Columns & Blogs

Broncos' Petersen is not playing it safe

In his old offensive coordinator office — recruiting and the hiring of a new staff having taken precedence over packing his belongings and carrying them down the hall — Boise State football coach Chris Petersen is a man at ease.

Sipping a bottled water, Petersen is aware and excited, but unburdened by the challenge of his new position.

In other words, he doesn't look like a man who just wagered his career on red. Doesn't feel that way, either.

But in his first — and potentially, most important — decisions as the Broncos' leading man, the naturally conservative Petersen has shown a willingness to gamble.

Largely ignoring the daily deluge of resumes, more than 100 arrived in the frantic first days after his promotion, the first-time head coach opted for familiarity and comfort over experience when choosing his coordinators.

He tabbed 29-year old Bryan Harsin, the Broncos' tight ends coach the last four seasons, as his offensive coordinator. Then he snagged his first choice for defensive coordinator, 29-year-old Justin Wilcox, the California linebackers coach the last three seasons.

In large and profound ways, these are gambles — a first-year head coach turning over his offense and defense to first-time coordinators, ones who have not yet celebrated their 30th birthdays.

But in Petersen's mind, it's anything but.

"There are no guarantees in anything. But these are as good of odds we could play," Petersen said.

He knows he could have made safer choices. Coaches with years of experience, wrinkles even. Coaches who have made a name, accumulated the press clippings. Coaches in their 50s. Coaches from established powers in the SEC or the Big Ten.

Their resumes were in his hands.

Instead, after determining competence and ability, he opted for coaches who "fit," admittedly an intangible factor not easily discernable from a resume.

So he grabbed Harsin, the guy who has been at his side for the last five years in the coaches' press box. They've seen a lot in those years, enough to cement a strong bond.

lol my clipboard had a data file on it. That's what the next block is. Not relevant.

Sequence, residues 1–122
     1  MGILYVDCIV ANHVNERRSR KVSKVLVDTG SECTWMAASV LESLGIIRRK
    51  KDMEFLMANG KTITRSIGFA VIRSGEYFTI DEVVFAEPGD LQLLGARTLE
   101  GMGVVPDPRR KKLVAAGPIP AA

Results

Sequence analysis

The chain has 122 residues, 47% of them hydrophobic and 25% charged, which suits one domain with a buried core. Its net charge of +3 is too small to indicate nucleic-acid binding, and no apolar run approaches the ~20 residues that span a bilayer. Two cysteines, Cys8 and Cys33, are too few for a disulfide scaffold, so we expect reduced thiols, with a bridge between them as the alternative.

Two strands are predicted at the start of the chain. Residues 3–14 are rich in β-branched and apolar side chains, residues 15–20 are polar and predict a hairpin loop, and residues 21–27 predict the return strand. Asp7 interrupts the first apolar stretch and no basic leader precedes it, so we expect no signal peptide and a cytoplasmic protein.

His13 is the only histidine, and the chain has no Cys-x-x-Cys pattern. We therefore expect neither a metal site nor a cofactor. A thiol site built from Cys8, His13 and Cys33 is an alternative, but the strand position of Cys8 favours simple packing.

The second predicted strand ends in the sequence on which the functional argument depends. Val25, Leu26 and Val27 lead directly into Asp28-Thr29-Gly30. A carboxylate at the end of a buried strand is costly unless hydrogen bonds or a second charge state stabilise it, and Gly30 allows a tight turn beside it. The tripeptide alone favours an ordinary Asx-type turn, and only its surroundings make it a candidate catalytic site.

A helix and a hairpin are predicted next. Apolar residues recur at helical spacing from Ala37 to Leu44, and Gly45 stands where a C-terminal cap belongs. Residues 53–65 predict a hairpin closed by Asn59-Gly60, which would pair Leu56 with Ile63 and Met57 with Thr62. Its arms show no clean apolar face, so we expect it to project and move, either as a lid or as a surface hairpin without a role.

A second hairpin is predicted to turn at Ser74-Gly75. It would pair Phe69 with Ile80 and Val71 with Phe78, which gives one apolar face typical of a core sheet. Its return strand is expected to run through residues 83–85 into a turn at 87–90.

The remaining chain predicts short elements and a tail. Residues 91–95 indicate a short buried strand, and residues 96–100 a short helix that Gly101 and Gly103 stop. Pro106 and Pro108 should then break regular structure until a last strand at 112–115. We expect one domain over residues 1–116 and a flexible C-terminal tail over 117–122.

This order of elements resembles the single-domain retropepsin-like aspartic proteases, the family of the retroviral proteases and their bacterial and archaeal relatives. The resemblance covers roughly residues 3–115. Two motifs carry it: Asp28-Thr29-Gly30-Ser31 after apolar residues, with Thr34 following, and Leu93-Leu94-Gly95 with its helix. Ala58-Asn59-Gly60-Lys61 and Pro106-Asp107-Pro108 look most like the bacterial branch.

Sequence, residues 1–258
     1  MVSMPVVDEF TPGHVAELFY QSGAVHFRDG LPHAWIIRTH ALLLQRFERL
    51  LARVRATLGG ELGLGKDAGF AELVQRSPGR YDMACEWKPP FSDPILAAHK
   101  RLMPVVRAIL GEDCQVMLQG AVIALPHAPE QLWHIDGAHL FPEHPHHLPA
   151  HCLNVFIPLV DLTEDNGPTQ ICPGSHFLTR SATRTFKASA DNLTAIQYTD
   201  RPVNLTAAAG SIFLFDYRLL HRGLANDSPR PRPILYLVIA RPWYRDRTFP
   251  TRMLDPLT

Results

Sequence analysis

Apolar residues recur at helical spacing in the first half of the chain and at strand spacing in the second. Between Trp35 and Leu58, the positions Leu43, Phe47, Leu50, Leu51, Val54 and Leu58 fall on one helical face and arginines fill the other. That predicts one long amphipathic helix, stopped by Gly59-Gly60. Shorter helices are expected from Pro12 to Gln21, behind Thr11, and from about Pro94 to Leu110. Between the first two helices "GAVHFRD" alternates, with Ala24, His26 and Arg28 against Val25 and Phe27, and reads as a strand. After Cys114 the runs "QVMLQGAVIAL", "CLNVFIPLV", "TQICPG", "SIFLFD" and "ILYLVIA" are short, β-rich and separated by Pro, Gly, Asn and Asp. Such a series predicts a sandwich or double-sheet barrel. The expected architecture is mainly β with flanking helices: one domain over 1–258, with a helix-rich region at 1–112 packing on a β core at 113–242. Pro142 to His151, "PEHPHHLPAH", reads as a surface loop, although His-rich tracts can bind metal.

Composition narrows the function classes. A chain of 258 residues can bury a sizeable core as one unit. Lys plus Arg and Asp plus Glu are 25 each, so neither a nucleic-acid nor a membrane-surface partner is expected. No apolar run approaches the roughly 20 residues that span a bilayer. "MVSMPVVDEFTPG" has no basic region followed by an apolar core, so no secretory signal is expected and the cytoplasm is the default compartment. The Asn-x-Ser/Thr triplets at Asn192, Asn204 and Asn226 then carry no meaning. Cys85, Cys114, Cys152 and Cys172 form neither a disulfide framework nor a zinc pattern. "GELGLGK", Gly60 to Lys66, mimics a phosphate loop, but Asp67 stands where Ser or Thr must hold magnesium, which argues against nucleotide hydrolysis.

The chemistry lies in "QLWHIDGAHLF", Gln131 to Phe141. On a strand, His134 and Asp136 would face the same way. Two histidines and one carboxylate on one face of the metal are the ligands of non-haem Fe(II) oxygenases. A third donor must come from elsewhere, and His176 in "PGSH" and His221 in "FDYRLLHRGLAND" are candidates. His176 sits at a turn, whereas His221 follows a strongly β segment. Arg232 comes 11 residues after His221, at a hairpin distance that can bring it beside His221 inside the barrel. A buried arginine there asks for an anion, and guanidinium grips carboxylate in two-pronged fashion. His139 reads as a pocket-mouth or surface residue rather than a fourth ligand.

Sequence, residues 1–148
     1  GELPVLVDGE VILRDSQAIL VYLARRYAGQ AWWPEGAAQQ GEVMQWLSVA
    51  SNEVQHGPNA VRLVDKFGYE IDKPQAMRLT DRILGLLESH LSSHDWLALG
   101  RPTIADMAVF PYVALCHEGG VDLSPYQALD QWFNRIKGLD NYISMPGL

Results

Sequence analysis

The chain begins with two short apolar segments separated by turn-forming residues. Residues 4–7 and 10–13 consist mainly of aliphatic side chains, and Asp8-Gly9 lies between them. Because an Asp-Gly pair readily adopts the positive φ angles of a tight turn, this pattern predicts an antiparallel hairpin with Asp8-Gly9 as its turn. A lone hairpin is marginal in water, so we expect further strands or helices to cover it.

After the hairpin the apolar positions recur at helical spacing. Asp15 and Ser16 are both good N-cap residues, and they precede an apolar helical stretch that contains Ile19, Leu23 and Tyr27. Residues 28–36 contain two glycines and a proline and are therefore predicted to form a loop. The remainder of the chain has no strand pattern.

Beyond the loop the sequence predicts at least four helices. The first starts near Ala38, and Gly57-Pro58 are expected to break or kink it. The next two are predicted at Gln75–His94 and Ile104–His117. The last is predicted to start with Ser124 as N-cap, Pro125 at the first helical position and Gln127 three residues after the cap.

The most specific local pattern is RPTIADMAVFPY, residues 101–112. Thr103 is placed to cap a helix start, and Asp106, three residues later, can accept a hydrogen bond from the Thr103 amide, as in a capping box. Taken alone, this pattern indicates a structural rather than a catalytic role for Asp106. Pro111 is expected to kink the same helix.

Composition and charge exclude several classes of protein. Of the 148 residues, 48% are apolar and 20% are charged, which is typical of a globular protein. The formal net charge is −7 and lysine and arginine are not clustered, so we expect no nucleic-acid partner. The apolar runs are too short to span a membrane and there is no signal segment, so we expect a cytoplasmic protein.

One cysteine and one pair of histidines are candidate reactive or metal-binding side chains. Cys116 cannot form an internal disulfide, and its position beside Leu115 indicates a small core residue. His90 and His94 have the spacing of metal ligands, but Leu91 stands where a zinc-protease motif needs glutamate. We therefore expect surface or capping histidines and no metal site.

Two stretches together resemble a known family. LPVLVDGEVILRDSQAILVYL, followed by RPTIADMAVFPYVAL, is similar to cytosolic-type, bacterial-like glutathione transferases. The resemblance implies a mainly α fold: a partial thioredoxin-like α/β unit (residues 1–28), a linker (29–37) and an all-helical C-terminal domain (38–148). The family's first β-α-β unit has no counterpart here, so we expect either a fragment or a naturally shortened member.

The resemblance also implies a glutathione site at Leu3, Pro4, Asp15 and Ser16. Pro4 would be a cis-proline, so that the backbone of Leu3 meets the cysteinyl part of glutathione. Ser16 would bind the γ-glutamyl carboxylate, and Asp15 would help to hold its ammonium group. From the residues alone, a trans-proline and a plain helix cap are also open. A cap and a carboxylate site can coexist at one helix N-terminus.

And he hired Wilcox, the former defensive graduate assistant at BSU who came highly recommended from coaches Petersen trusts completely.

And he plucked 26-year-old Scott Huff, who played under Petersen for two seasons, from Arizona State to coach somewhere on offense, likely tight ends.

Three new hires. Three young coaches. Three with connections to Petersen and Boise State. All guys he felt comfortable with.

Petersen also kept defensive assistant Marcel Yates and promoted director of football operations Viliami Tuivai to defensive assistant. Neither is older than 30.

If this isn't taking a flier on red, it's not far off.

Who will be the voice of reason, of experience, when the Broncos find themselves in a mess? Who can say this is how we handled this situation in the past?

Petersen, however, is undaunted. He's certain all of his hires are qualified. After all, he was the wide receivers coach at Oregon and had no previous coordinating experience when Dan Hawkins hired him to run the Bronco offense in 2001.

The Broncos hit the jackpot then.

Petersen is convinced he's done the same.

"One hundred percent in my mind. I have no doubt," Petersen said.

And he's looking for four more winning numbers as he tries to fill out his coaching staff.

It's a slow process, even as recruits long to know who their position coach will be. Fit doesn't come from a resume or the schemes uncovered by watching film. Fit takes time.

And Petersen is willing to take as much of it as is needed. He won't rush because, as he puts it, once you hire a coach, he's yours.

Though he hasn't yet, Petersen said it's likely that he'll hire someone he hasn't coached or coached with in filling the four vacancies. But only after the candidate comes to Boise, meets the rest of the staff and passes muster with everyone.

"You really want to make sure it's the right fit," Petersen said. "All it takes is one guy."

One guy to destroy the delicate chemistry that Petersen has tried to build among coaches who spend more time together than they do with their families. One guy to turn what Petersen believes is a winning bet into a loser.

And he's not willing to gamble on that.